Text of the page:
FTP used to be the most used protocol on the Internet by sheer data traffic until it was surpassed by HTTP a few years ago. FTP does one thing, and it does it well, transferring of files between systems. The protocol itself is insecure, passwords, data, etc is transferred in clear text and can easily be sniffed, however most ftp usage is ‘anonymous’, so this isn’t a huge problem.
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One of the main problems typically encountered with ftp sites is improper permissions on directories that allow people to use the site to distribute their own data.
The main objectives of FTP are:
- To promote sharing of files
- To encourage indirect or implicit (via programs) use of remote computers,
- To shield a user from variations in file storage systems among hosts, and
- To transfer data reliably and efficiently.
There are numerous ftp server software packages available for Linux but the best and most reliable is VSFTPD.
The first step is to install the vsftpd package in your Ubuntu machine by typing the following command:
apt-get install vsftpd
Before proceeding further, make sure that you must take the backup of your original vsftpd.conf file:
mv /etc/vsftpd.conf /etc/vsftpd.conf.backup
Now create new vsftpd.conf and paste the following configuration into it:
listen=NO listen_ipv6=YES anonymous_enable=NO local_enable=YES write_enable=YES local_umask=022 dirmessage_enable=YES use_localtime=YES xferlog_enable=YES connect_from_port_20=YES chroot_local_user=YES secure_chroot_dir=/var/run/vsftpd/empty pam_service_name=vsftpd rsa_cert_file=/etc/ssl/certs/ssl-cert-snakeoil.pem rsa_private_key_file=/etc/ssl/private/ssl-cert-snakeoil.key ssl_enable=NO pasv_enable=Yes pasv_min_port=10000 pasv_max_port=10100 allow_writeable_chroot=YES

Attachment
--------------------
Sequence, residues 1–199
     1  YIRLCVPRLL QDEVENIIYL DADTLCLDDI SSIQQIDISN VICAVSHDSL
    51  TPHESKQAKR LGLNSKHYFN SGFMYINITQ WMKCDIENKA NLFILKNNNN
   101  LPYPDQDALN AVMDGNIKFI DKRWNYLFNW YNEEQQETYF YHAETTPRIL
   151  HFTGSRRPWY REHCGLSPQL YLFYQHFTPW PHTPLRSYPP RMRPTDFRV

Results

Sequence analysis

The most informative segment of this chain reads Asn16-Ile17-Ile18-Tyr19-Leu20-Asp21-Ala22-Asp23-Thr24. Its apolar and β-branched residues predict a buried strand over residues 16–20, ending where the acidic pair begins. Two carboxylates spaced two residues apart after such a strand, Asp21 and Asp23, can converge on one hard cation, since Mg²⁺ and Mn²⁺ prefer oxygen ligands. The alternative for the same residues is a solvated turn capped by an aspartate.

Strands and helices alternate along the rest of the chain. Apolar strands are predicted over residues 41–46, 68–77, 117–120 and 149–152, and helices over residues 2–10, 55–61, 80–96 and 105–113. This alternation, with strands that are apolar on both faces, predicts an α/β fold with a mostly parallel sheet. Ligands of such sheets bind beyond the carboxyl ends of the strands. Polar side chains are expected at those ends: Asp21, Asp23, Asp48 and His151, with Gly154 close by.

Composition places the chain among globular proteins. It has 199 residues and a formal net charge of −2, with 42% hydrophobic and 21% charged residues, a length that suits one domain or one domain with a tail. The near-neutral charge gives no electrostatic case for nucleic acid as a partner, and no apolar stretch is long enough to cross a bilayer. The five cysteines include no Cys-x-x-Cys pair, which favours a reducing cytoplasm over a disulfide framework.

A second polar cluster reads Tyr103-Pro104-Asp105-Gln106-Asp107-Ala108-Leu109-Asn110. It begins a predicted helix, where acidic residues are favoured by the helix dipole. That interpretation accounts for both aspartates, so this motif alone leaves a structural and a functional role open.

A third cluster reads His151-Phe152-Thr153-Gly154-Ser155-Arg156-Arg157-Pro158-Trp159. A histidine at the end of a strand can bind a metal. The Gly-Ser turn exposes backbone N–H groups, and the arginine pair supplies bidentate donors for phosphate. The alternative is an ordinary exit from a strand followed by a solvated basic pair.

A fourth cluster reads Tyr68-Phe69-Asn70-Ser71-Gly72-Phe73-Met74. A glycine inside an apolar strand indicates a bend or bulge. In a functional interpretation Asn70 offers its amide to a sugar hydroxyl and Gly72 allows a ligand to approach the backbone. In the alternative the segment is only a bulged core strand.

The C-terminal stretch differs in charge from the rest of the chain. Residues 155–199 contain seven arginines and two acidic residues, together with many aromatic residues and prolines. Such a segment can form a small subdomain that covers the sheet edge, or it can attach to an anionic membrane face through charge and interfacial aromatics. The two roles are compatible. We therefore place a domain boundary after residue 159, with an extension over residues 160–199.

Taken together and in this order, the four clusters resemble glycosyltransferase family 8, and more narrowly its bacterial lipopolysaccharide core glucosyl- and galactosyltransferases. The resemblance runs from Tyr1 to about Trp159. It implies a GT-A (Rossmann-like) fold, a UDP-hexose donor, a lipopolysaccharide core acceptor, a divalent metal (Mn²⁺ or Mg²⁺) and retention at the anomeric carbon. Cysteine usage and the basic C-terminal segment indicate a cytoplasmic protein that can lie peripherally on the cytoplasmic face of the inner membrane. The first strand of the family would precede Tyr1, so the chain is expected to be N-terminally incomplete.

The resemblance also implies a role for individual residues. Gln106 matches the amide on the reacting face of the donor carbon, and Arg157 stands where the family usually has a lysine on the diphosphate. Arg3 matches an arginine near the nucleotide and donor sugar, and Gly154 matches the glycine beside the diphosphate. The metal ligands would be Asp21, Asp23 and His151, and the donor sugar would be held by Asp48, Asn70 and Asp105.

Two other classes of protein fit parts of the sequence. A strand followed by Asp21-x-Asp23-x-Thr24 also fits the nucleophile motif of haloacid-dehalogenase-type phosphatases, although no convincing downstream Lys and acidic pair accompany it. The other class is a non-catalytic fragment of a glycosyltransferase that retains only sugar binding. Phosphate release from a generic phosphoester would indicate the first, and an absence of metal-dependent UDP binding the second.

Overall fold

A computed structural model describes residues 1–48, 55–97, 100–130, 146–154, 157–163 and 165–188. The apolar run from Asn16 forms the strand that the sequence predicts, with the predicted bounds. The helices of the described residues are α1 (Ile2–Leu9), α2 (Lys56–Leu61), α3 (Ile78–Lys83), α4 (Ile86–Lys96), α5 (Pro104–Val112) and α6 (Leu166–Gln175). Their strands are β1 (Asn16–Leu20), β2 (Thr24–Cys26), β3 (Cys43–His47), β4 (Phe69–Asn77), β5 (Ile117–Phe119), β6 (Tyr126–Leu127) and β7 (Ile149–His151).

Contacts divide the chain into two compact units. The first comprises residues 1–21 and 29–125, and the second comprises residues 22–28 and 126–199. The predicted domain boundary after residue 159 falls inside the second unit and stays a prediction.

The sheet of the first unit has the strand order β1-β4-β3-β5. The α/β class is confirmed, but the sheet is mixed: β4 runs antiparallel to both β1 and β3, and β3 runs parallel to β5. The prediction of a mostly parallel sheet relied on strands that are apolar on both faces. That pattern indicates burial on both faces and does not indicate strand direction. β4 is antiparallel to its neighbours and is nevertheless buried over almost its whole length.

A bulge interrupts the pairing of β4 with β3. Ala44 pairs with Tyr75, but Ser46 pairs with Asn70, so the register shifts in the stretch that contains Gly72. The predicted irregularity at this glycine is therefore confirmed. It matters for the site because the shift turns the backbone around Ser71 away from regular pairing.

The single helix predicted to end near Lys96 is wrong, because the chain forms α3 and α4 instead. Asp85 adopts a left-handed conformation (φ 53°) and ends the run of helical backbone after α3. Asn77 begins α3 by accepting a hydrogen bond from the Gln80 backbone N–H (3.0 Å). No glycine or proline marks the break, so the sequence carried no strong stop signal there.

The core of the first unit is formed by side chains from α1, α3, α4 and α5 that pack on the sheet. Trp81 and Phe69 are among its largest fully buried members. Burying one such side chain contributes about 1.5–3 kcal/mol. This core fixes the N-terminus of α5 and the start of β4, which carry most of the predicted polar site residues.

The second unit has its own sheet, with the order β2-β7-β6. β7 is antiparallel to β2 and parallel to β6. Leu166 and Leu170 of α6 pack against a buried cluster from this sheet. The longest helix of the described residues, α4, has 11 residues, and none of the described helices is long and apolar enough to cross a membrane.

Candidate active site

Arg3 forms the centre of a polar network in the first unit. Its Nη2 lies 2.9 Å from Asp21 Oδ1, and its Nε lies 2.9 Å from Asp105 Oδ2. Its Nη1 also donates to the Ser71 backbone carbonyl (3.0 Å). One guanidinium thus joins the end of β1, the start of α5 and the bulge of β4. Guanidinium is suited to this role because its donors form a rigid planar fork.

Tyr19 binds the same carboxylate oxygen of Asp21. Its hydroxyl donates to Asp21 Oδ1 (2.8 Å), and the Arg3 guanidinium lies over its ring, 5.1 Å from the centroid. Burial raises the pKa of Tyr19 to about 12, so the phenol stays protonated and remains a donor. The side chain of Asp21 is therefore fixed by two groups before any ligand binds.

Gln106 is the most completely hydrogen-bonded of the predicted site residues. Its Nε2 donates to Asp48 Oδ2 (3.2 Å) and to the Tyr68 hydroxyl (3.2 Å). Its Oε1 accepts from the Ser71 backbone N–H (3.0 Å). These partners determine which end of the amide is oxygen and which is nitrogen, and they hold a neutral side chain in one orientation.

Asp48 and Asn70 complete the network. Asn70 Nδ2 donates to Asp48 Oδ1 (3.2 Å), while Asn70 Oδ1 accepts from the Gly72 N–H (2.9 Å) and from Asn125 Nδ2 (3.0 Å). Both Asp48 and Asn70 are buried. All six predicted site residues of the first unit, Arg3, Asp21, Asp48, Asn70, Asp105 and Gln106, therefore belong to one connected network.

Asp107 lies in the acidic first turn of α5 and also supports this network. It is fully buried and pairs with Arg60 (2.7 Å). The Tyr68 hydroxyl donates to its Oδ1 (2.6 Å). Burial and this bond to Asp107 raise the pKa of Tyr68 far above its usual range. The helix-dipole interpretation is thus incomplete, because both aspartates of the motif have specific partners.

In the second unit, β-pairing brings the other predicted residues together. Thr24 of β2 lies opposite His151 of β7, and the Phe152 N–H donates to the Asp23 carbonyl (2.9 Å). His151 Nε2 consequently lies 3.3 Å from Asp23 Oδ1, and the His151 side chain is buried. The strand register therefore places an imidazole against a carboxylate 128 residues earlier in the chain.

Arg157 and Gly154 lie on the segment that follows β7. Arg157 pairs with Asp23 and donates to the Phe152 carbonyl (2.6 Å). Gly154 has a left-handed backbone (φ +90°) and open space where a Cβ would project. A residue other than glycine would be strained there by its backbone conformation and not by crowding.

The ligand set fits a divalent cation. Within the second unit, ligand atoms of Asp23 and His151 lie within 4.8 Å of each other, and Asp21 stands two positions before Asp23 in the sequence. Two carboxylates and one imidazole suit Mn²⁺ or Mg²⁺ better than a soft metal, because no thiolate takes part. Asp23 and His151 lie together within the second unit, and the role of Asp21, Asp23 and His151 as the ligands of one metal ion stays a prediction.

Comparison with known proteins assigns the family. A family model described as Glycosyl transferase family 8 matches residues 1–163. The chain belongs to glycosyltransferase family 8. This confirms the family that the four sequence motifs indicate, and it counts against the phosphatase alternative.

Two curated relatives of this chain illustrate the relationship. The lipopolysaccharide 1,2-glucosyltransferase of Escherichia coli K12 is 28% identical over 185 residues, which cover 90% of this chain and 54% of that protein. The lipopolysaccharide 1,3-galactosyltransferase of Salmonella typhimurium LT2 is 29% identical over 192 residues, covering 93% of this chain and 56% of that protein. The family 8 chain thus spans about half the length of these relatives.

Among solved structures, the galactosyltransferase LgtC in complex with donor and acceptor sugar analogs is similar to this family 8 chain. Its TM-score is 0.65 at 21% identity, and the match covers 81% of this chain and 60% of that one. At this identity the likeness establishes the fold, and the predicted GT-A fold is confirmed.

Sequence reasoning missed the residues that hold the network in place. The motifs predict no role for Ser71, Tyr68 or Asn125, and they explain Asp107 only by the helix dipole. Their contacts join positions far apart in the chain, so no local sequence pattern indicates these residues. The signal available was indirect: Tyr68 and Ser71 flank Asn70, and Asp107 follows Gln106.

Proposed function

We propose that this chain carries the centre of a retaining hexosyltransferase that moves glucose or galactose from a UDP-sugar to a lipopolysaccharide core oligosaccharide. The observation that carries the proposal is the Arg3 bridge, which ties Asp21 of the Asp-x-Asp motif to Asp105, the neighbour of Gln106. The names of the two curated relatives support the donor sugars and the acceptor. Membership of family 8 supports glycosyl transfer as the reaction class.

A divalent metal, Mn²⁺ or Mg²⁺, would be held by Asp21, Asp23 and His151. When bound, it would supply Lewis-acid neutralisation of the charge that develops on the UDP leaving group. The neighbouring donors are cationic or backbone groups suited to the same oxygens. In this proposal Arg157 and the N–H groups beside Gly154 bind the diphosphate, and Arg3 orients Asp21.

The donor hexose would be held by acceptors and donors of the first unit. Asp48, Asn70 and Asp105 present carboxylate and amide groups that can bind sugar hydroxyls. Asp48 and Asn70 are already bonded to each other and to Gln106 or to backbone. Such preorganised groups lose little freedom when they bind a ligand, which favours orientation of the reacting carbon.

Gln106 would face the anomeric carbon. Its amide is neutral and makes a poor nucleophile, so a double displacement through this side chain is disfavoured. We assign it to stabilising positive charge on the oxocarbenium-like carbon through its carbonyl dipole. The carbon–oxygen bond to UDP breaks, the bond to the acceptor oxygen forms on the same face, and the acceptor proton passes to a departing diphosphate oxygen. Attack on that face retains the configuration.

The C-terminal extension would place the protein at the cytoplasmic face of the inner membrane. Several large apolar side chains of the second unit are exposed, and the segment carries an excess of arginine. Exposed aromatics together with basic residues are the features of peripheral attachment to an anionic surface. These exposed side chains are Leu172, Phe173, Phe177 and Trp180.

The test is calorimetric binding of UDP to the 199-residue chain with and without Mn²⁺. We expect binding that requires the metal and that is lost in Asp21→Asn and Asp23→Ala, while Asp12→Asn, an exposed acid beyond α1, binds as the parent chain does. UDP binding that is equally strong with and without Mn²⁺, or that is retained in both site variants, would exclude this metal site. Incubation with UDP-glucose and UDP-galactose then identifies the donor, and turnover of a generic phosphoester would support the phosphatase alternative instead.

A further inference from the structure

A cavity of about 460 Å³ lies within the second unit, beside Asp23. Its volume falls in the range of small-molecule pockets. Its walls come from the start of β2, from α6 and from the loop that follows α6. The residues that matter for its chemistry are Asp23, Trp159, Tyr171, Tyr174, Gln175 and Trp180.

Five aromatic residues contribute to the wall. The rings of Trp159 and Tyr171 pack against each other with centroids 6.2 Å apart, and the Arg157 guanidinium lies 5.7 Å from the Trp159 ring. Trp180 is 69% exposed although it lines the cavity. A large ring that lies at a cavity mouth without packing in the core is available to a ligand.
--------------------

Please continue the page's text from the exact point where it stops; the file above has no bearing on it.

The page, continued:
This configuration is enough for a basic FTP server, and can later be tweaked for the specific needs of your environment once you’ve verified this is working properly:
Next, you also need to create an exception in your Ubuntu built-in firewall (UFW) which will allow your FTP traffic:
ufw allow from any to any port 20,21,10000:10100 proto tcp
With all this, restart your FTP Service by typing “systemctl restart vsftpd“.
Congratulations! Your FTP server is ready and now you just need to add a new user into it with useradd and passwd command:
useradd -m <Username> passwd <Username>
In order to test and verify, you can create a test file in FTP User’s Home directory.
In this case, our home directory is /home/hymeuser/
You should now be able to connect to your FTP server either by IP address or hostname.
Ensure that the default FTP client utility is installed on your system by running the following command. To connect from command line and verify that everything is working, open a terminal and use Ubuntu’s ftp command to connect to your loopback address (127.0.0.1).
If you are using Windows Operating System, then you can use ftp://<IP address> in the address bar.
Enter the credentials of registered user and click on Log on button.
Upon a successful connection, you’ll see the test file you created earlier. You’ll now be able to download and view this file, or upload your own contents to the directory.
You can do a lot of things with your FTP server by editing the vsftpd.conf file like Changing Default Port, Allow Anonymous Access etc
Here for demonstration, we added the (listen_port 2020) code at the end of the file which will change your FTP default Port from 21 to 2020.
Let us know if you have any problem while configuring and setup the FTP Server, or you can also mail us your query at firstname.lastname@example.org.